Jesse Helms, the staunch Israel supporter in the U.S. Senate whose race-baiting nonetheless alienated many Jews, has died.
Helms, who died Friday at 86, represented North Carolina in the U.S. Senate from 1973 until 2003.
His first two terms were marked by his steadfast opposition to foreign aid in general, a position that put him at loggerheads with the pro-Israel community. After a close 1984 election, in which his opponent garnered significant pro-Israel support, he reached out to the pro-Israel community and subsequently became one of the Jewish state’s most fierce defenders.
He led resistance to U.S. pressure on Israel during the Oslo peace process in the 1990s, using his powerful post as chairman of the Senate’s Foreign Relations Committee.
However, Jewish groups never comfortably embraced the senator that the Washington Post’s David Broder once described as “the last unabashed white racist” in the Senate.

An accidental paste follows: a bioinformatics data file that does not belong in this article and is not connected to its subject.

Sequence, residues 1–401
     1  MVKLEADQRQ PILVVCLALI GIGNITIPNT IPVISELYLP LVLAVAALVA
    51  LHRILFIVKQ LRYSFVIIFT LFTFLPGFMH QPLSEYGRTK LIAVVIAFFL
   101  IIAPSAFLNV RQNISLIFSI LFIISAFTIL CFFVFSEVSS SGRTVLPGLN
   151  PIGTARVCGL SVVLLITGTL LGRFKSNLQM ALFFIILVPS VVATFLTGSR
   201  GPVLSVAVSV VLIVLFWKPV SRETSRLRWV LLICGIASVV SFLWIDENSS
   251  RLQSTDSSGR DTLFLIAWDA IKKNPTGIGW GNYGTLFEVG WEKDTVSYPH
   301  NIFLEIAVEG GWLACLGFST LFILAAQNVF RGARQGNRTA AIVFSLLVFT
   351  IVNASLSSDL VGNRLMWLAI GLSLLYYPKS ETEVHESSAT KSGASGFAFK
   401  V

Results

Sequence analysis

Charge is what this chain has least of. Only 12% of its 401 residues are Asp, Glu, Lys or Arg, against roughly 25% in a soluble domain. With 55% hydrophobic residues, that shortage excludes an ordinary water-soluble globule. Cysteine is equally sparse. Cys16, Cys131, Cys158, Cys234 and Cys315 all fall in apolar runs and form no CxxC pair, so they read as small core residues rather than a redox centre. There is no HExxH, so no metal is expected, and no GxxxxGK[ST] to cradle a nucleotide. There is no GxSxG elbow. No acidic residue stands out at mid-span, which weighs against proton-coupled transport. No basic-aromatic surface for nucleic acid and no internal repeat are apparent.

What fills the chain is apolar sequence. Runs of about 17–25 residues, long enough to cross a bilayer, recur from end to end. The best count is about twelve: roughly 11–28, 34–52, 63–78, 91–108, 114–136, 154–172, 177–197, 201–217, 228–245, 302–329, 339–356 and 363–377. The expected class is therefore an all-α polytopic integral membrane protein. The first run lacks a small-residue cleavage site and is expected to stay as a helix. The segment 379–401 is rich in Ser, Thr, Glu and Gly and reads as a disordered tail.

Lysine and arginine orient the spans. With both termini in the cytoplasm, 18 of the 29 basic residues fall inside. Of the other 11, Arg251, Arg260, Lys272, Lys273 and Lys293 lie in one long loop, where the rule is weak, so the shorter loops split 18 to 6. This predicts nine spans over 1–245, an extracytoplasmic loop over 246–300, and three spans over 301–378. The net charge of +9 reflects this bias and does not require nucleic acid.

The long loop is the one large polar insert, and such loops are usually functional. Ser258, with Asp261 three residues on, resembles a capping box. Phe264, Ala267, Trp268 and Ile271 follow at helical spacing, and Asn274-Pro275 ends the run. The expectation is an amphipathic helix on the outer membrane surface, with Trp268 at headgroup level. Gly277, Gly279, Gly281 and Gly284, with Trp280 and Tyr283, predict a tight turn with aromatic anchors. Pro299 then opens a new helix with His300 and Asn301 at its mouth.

Unlike other conservative white senators who courted black votes after the civil rights advances of the 1960s and 1970s, Helms used white resentment of black gains as a wedge, particularly in the 1984 and 1990 elections. He filibustered in 1983 against legislation that would create Martin Luther King Day, reviving spurious reports that the civil rights giant was a communist.
The Archive of the Jewish Telegraphic Agency includes articles published from 1923 to 2008. Archive stories reflect the journalistic standards and practices of the time they were published.